Knowing what I know now, I believe that my difficult birth experience and post natal problems affected how I went into Motherhood. I think that I did suffer from Post Traumatic Stress Disorder (every time I heard an ambulance sirens flashing I would cry, that went on for over a year after my son was born). I also probably suffered from some form of Post Natal Anxiety. A community paediatric nurse who visited us at a few months commented that I showed signs of Postnatal Anxiety, I was extremely anxious about my baby's health. She didn’t signpost me in any direction to get help. 

I’m a proud person and the people close to me are mostly about tough love, a “suck it up and get on with it” attitude. I felt weak to admit I was struggling. I also didn’t know anybody else at the time who had been through a similar experience to mine so it was difficult to open up about it.  I have since discovered many Charities, Not-for-Profits, individuals and professionals who support the cause for Birth Trauma Awareness and Post Natal Depression and Anxiety.

Through the wonderful community of Instagram I have discovered that I am certainly not alone. 

I have read many other birth trauma stories written by brave ladies and I have felt inspired to share my story in the hope that it can also help others to feel less alone in these experiences. I believe it certainly makes us stronger and more compassionate people.

Thoughts on what could have made my birth better..

I think because of the emergency situation of my sons birth I don't see how it could have gone better. I think the midwives and consultants advised me on the best course of action medically given the volume of blood I'd lost.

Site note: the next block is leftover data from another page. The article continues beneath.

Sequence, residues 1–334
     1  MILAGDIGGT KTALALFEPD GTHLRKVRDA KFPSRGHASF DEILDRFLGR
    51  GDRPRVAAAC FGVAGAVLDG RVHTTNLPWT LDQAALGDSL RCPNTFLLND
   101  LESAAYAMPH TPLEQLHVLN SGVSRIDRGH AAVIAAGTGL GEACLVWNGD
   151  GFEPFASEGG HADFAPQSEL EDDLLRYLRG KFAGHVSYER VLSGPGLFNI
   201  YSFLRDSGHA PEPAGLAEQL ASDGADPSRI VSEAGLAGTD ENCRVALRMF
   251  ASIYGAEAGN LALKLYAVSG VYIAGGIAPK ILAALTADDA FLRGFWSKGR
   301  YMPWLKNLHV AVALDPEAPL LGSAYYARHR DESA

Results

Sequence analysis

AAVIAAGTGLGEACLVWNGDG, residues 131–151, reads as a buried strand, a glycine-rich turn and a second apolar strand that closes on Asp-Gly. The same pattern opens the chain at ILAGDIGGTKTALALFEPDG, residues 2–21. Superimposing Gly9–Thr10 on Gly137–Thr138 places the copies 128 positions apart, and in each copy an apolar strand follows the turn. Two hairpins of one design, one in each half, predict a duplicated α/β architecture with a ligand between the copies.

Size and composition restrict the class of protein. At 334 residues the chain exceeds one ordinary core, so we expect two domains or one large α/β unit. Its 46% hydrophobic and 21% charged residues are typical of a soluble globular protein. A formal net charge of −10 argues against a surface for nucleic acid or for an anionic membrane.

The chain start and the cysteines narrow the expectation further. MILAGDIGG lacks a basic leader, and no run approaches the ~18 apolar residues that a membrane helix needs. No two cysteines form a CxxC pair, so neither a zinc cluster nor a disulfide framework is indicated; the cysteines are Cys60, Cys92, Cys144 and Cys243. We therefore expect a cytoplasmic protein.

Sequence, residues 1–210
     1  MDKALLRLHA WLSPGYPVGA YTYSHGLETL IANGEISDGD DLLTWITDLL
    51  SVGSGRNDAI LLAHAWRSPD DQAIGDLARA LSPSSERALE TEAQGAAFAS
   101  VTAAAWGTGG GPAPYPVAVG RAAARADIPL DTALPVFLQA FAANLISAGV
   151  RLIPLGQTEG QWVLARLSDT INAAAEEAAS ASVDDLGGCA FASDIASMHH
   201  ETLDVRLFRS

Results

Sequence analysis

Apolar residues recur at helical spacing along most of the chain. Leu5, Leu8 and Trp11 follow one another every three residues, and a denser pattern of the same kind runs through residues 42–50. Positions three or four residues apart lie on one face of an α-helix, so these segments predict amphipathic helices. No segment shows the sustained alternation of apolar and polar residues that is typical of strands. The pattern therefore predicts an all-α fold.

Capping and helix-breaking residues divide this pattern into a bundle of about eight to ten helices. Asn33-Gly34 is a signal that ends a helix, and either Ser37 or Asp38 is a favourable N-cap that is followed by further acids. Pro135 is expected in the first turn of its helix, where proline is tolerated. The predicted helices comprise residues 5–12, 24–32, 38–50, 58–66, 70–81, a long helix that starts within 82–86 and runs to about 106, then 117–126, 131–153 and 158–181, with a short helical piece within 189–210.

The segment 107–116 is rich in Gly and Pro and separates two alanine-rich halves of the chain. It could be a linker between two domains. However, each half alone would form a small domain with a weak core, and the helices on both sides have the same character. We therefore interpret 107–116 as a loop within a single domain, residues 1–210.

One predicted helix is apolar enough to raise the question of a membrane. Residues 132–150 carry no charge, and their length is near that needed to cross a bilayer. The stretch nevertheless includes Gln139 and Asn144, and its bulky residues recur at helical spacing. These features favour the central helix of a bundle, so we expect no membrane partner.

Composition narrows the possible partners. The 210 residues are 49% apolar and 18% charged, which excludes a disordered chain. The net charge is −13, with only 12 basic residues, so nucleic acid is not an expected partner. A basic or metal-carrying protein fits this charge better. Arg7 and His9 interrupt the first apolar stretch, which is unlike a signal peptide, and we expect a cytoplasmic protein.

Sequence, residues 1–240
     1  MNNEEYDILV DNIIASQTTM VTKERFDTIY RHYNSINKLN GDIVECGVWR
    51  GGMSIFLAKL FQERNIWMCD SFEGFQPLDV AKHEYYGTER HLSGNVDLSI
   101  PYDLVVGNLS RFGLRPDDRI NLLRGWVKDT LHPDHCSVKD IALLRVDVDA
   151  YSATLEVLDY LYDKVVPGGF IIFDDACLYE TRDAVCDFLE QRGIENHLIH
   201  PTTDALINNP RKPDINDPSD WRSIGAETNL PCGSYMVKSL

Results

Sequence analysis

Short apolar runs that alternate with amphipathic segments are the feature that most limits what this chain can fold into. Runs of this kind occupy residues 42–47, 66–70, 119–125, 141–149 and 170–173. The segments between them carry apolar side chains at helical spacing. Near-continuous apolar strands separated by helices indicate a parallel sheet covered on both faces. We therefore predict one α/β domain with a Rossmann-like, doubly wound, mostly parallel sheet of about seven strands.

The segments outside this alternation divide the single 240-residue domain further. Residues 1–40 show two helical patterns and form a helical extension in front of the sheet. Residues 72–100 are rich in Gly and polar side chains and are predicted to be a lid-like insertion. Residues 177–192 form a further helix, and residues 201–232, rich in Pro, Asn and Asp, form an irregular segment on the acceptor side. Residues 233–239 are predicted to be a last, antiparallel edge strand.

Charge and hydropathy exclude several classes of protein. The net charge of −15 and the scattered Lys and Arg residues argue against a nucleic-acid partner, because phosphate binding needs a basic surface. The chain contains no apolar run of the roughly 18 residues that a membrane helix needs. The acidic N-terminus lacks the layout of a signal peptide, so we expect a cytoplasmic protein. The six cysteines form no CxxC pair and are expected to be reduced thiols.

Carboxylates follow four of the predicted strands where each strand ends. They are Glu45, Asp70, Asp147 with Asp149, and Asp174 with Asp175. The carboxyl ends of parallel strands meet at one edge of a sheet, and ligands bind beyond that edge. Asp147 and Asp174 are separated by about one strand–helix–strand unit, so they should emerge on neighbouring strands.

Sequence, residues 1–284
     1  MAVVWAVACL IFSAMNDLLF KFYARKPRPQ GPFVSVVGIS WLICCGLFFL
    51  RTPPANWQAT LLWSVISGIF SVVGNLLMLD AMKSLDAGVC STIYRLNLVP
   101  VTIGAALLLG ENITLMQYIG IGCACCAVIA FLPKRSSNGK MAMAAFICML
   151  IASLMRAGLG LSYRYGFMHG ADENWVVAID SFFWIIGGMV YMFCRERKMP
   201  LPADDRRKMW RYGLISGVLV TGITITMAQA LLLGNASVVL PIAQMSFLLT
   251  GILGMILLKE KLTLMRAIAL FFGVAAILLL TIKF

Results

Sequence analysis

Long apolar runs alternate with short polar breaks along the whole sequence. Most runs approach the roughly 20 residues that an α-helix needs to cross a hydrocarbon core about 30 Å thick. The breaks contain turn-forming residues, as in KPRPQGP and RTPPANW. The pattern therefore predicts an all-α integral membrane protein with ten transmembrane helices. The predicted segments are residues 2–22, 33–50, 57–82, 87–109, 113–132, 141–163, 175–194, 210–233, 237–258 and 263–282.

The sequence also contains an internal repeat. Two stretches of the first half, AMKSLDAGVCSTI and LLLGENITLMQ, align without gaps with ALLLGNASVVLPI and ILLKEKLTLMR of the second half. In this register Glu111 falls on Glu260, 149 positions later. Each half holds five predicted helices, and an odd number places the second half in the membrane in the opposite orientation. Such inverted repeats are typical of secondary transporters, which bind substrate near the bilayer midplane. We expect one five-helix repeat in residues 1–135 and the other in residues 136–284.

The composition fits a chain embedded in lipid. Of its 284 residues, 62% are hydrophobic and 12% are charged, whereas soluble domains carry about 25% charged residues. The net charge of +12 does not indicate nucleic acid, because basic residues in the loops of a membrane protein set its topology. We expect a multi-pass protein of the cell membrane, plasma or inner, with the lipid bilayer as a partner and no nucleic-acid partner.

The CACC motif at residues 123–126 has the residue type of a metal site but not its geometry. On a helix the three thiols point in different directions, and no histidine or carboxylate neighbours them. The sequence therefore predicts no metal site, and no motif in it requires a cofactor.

I would say it would have really helped me pre birth to have been made aware that heavy bleeding was a possibility and that it wasn't always with dire consequences. I felt like the only message I'd ever been given was blood is very serious in pregnancy. It wasn't ideal but it wasn't the case. If I'd have known I could have bled heavily pre labour and the baby could still be fine I may not have despaired and panicked quite so much. I'd convinced myself I'd lost my baby which was very distressing. 

  • I wish I'd been informed about potential side affects of anti sickness drug.

  •  Given more advice about the blood transfusion 

  • Better breast feeding support 

  • I shouldn't have been discharged from community midwife care until my wound had shown more signs of healing

  • I wish I'd been offered emotional support from the midwife/health visitor/gp/community nurses.

  • I wish I'd had more information about post traumatic stress disorder and postnatal anxiety and depression.

Just wanted to add that the emergency services and midwife/hospital care I received during the emergency situation was fantastic. I was blown away with how they dealt with the situation and delivered my baby safely in a difficult situation. The let down was the aftercare and I think that was largely due to a lack of staff and the maternity hospital being extremely busy.  Afterwards I felt that I was treated more as a number and a target to get through the door and to discharge. This was the case for the maternity hospital and the community midwife and health visitor. We only saw our health visitor two or three times, as soon as she saw we were a low risk family in social care terms she pretty much discharged my son from her care. I think with the budget cuts etc to the NHS they are failing to provide adequate aftercare to women who suffered traumatic/complicated births. 

© Make Birth Better CIC 2019